These are great families and in each case the parents have advanced degrees in business, education, medicine, etc. But the StL region no longer is an international hub and in most cases, this caliber needs good and reliable international transportation services.

Cheap housing helps, but with career success, this variable has less importance. To keep the best and the brightest, regional leadership must be more inclusive and concentrate on improving the business and political climate.

Anonymous said...

I left STL about 3 years after graduating from college. My main factors were that I had lived in STL all my life, and that I wanted to experience a more urban environment. My job offered me an opportunity in Chicago and my wife and I moved into the city.

Chicago is a truly great urban city. Great transportation, great architecture, great bike path near the lake, etc...

However, my wife and I bought a house in STL city and are currently renting it out. When we are ready to start a family, we'll be moving into the house in the city. Why? We can't afford a house in the urban area of Chicago, but we can in STL. In fact, STL offers many of the same benefits of Chicago, great architecture, great neighborhoods, good transportation (metrolink and bus system), and definately a more affordable housing stock. I also feel that raising kids in the city of STL is more reasonable than Chicago, despite the SLPS issues.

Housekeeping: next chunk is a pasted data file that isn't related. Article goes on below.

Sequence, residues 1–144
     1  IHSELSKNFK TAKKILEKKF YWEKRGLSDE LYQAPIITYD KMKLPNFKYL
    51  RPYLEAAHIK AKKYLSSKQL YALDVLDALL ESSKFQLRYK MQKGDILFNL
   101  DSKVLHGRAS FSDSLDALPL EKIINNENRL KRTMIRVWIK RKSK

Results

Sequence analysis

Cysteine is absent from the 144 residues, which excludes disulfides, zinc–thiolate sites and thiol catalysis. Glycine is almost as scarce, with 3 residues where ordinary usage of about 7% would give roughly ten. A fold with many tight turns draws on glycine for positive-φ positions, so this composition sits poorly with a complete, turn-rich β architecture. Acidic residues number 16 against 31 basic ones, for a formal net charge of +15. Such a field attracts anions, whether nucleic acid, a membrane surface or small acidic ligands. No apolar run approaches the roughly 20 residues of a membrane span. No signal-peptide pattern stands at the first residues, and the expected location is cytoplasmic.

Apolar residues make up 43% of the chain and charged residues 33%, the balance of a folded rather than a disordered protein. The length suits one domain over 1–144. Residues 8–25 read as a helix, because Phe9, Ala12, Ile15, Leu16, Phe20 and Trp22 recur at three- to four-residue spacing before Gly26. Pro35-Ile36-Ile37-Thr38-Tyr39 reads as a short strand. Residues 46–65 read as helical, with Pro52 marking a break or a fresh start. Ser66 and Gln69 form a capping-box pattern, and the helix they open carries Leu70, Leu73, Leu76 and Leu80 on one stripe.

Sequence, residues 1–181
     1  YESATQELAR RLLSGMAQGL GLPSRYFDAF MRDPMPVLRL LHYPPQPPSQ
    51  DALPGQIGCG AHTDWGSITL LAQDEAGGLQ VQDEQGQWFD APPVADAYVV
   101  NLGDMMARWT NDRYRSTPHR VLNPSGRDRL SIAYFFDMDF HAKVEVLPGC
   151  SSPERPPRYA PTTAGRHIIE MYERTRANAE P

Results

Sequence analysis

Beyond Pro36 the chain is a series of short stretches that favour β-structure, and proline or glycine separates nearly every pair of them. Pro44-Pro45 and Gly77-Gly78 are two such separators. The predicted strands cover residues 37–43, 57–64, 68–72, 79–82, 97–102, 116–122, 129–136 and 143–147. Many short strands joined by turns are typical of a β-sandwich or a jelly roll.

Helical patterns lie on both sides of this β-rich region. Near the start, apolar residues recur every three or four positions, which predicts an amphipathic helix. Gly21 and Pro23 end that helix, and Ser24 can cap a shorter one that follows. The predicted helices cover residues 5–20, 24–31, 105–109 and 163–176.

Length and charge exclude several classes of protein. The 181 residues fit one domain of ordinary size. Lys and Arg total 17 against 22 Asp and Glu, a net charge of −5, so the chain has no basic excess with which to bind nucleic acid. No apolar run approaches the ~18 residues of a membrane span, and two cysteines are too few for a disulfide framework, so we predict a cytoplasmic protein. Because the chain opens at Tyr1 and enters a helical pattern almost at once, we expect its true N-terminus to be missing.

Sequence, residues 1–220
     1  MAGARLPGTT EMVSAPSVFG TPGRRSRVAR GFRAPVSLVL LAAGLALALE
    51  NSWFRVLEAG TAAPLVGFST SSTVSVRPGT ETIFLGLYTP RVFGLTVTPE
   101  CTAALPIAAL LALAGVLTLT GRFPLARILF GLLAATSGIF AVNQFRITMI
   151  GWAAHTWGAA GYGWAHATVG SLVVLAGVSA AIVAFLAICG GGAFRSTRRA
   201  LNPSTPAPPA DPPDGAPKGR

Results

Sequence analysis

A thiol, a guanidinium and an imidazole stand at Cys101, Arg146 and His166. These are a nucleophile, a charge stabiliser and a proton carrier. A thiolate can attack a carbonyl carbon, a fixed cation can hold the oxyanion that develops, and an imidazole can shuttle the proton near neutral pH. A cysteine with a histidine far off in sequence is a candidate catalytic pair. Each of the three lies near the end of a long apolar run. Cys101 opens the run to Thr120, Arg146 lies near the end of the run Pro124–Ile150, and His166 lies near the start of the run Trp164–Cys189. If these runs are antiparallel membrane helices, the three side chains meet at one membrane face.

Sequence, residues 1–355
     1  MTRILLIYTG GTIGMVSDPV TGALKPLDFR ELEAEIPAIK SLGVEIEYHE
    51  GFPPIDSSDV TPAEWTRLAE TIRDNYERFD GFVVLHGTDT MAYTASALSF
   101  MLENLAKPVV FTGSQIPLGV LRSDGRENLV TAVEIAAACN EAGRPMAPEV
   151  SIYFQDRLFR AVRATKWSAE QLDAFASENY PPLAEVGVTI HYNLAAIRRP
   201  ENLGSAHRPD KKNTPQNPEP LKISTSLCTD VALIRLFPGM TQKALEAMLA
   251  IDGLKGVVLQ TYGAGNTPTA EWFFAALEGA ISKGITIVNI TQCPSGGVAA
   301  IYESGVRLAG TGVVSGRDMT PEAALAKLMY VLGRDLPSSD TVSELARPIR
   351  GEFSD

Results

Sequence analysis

My main reason for coming back to STL is because I left STL in the first place. I have a much greater appreciation for the city and what it offers than most that probably live in STL. Many are so stubborn in the STL region, and don't explore the city and see the beauty that it has. Now that the city is focused on rehabilitation and it is taking place within the neighborhoods, it is turning the city around and making it much more attractive to those outside the region. The city leaders need to make sure this trend continues, and STL can again become a world class city because it will re-attract those who left, and attract new people who appreciate it's beauty and benefits.